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South Asia—Perennial Backwater or Object of Biased Assessment: A Discussion Based on Current Archaeological, Anthropological, and Genetic Evidence

South Asia—Perennial Backwater or Object of Biased Assessment: A Discussion Based on Current... The evolution of humans from primates is well attested in Africa, considered to be the only place where the ancestors of modern humans could have evolved. The most ancestral human form, <i>Homo erectus</i>, is also thought to have migrated out of Africa. Recent genetic research has added support to an "Out of Africa" migration of modern man. However, the latest findings of population genetics have, by challenging the route of exodus, placed Asia and especially South Asia in a particularly prominent position. This new idea that humans emerging out of Africa undertook a long journey along the coasts of Asia toward Australia has also received recent support from archaeology. The long-standing belief that modern humans reached Europe by first journeying through the Levant, was based on the discovery of modern looking skeletons in southern France. This discovery of the "Cro-Magnons" in France spurred an intense search for more evidence of human presence in Europe. The wealth of data thus accumulated in Africa and Europe has formed the basis for all the discussion on human evolution and migration. Asia by contrast has suffered neglect both in terms of lack of interest and exploration of the same magnitude accorded Africa and Europe. What evidence exists has only attracted passing notice, the bulk of the data eluding the attention of western scholars. This article attempts to address this imbalance by bringing together all current information relating to the fields of anthropology, archaeology, and genetics. The area covered is by size enormous, but the focus is on the strength of evidence for colonization of South Asia from outside as opposed to contributions made by the indigenous people. http://www.deepdyve.com/assets/images/DeepDyve-Logo-lg.png Asian Perspectives University of Hawai'I Press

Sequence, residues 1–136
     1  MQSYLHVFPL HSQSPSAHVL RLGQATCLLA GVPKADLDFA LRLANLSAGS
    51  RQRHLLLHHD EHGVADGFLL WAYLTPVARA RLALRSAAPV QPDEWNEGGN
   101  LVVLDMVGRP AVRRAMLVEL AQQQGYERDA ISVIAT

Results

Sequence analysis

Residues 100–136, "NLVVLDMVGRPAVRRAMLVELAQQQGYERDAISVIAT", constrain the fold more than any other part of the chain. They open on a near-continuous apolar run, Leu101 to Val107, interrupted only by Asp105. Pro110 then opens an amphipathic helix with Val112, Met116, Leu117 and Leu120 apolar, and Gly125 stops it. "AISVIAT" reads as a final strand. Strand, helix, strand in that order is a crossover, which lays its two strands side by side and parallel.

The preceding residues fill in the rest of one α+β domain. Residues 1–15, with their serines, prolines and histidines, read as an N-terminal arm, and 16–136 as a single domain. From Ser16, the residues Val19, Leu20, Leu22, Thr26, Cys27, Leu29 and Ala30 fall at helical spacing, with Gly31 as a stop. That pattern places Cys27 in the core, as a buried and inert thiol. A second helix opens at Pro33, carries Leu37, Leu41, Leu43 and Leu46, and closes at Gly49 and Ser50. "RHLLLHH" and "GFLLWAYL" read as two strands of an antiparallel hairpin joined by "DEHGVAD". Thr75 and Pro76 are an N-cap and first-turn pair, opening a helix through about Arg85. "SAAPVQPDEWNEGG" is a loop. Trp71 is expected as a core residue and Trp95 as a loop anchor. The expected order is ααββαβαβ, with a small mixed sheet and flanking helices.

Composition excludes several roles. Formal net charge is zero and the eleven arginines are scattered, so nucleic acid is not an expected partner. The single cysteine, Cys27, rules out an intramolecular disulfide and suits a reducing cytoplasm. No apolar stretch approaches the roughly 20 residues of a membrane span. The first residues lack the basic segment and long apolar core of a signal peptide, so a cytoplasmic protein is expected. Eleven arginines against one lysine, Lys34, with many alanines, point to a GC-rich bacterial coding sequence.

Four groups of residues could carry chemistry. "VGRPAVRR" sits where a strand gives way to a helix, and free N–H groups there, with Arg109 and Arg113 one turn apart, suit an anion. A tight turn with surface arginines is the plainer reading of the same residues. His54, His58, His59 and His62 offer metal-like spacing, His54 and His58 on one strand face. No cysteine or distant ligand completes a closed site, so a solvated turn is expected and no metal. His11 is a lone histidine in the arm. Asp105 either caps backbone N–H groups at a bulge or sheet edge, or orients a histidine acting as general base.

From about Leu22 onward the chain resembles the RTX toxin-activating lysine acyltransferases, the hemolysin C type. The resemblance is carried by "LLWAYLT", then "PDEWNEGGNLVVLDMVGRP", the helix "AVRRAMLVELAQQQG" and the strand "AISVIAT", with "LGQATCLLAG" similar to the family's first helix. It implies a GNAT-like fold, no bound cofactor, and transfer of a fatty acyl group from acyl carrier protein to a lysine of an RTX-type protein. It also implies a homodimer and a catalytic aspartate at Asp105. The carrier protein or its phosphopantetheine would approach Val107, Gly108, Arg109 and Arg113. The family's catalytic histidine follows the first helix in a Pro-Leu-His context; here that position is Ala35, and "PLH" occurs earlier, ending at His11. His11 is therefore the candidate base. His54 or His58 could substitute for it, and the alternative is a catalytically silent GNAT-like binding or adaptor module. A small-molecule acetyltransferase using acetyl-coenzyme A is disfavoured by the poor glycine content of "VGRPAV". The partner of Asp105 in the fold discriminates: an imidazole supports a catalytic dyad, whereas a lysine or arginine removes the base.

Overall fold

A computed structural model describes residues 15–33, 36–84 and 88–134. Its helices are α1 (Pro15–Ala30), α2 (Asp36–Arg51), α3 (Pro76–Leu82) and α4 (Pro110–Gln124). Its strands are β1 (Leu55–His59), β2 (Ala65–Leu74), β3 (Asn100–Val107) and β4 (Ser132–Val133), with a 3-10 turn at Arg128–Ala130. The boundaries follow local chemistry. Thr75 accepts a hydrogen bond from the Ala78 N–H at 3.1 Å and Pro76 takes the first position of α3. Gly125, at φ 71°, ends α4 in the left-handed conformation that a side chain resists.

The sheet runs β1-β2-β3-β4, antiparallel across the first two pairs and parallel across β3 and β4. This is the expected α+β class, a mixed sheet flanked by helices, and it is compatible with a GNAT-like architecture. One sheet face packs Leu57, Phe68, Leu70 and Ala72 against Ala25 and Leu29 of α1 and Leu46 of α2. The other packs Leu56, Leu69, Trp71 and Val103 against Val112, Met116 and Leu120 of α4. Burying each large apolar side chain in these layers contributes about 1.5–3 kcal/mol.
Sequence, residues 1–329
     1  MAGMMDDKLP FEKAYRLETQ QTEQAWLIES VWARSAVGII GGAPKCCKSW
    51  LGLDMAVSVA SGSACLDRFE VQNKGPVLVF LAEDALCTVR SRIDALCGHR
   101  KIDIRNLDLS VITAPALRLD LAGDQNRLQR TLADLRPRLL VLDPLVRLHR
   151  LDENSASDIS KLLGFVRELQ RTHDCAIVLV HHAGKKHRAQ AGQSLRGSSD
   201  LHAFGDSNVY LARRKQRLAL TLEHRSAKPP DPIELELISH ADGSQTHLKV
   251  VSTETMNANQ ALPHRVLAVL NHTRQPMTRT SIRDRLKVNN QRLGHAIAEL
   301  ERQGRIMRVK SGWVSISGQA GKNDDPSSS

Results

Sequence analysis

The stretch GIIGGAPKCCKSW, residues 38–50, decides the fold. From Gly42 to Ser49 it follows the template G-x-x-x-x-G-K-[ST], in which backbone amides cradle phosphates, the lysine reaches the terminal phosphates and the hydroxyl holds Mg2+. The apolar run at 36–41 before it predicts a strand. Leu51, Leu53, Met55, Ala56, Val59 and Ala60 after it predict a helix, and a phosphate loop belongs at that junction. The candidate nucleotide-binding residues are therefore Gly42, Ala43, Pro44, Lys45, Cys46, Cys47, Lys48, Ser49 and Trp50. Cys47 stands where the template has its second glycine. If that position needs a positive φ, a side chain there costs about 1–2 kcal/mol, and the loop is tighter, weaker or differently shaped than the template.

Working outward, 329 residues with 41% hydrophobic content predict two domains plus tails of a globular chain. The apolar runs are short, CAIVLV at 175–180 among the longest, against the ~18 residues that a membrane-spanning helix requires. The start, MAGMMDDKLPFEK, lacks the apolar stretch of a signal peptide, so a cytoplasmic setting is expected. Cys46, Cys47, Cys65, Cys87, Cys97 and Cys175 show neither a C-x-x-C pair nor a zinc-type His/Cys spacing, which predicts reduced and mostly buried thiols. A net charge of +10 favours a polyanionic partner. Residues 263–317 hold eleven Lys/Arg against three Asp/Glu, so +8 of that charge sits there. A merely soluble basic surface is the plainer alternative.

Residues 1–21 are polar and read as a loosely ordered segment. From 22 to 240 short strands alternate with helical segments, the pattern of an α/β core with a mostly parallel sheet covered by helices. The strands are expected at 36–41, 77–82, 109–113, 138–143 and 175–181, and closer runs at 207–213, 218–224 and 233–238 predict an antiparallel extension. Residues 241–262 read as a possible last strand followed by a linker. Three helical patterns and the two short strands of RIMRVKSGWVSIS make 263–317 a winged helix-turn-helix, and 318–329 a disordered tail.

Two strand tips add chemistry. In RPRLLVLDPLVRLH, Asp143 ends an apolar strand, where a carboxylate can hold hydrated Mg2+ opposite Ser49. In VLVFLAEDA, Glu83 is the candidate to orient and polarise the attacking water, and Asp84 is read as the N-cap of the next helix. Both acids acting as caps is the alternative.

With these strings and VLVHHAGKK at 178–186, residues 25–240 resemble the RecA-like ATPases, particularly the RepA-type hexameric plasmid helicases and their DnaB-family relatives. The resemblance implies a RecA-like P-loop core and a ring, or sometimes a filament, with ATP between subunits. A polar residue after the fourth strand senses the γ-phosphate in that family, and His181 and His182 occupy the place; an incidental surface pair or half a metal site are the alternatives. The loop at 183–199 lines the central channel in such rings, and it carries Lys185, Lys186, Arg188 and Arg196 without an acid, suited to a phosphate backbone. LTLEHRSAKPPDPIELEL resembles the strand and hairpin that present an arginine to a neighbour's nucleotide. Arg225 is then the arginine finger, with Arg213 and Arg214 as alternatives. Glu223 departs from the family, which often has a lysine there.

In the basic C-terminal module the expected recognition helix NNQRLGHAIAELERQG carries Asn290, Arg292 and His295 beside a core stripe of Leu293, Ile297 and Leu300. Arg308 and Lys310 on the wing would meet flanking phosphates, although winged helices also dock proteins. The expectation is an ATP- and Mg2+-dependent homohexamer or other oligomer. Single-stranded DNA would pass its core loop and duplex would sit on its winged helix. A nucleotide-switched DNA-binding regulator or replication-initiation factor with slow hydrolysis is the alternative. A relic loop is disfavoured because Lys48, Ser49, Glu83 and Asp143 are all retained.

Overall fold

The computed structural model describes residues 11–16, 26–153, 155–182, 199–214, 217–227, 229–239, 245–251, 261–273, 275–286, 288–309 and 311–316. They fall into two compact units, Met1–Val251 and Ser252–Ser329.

South Asia—Perennial Backwater or Object of Biased Assessment: A Discussion Based on Current Archaeological, Anthropological, and Genetic Evidence

Asian Perspectives , Volume 49 (1) – Jul 1, 2011

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Publisher
University of Hawai'I Press
Copyright
Copyright © 2008 University of Hawai'i Press.
ISSN
1535-8283

Abstract

The evolution of humans from primates is well attested in Africa, considered to be the only place where the ancestors of modern humans could have evolved. The most ancestral human form, <i>Homo erectus</i>, is also thought to have migrated out of Africa. Recent genetic research has added support to an "Out of Africa" migration of modern man. However, the latest findings of population genetics have, by challenging the route of exodus, placed Asia and especially South Asia in a particularly prominent position. This new idea that humans emerging out of Africa undertook a long journey along the coasts of Asia toward Australia has also received recent support from archaeology. The long-standing belief that modern humans reached Europe by first journeying through the Levant, was based on the discovery of modern looking skeletons in southern France. This discovery of the "Cro-Magnons" in France spurred an intense search for more evidence of human presence in Europe. The wealth of data thus accumulated in Africa and Europe has formed the basis for all the discussion on human evolution and migration. Asia by contrast has suffered neglect both in terms of lack of interest and exploration of the same magnitude accorded Africa and Europe. What evidence exists has only attracted passing notice, the bulk of the data eluding the attention of western scholars. This article attempts to address this imbalance by bringing together all current information relating to the fields of anthropology, archaeology, and genetics. The area covered is by size enormous, but the focus is on the strength of evidence for colonization of South Asia from outside as opposed to contributions made by the indigenous people.

Journal

Asian PerspectivesUniversity of Hawai'I Press

Published: Jul 1, 2011

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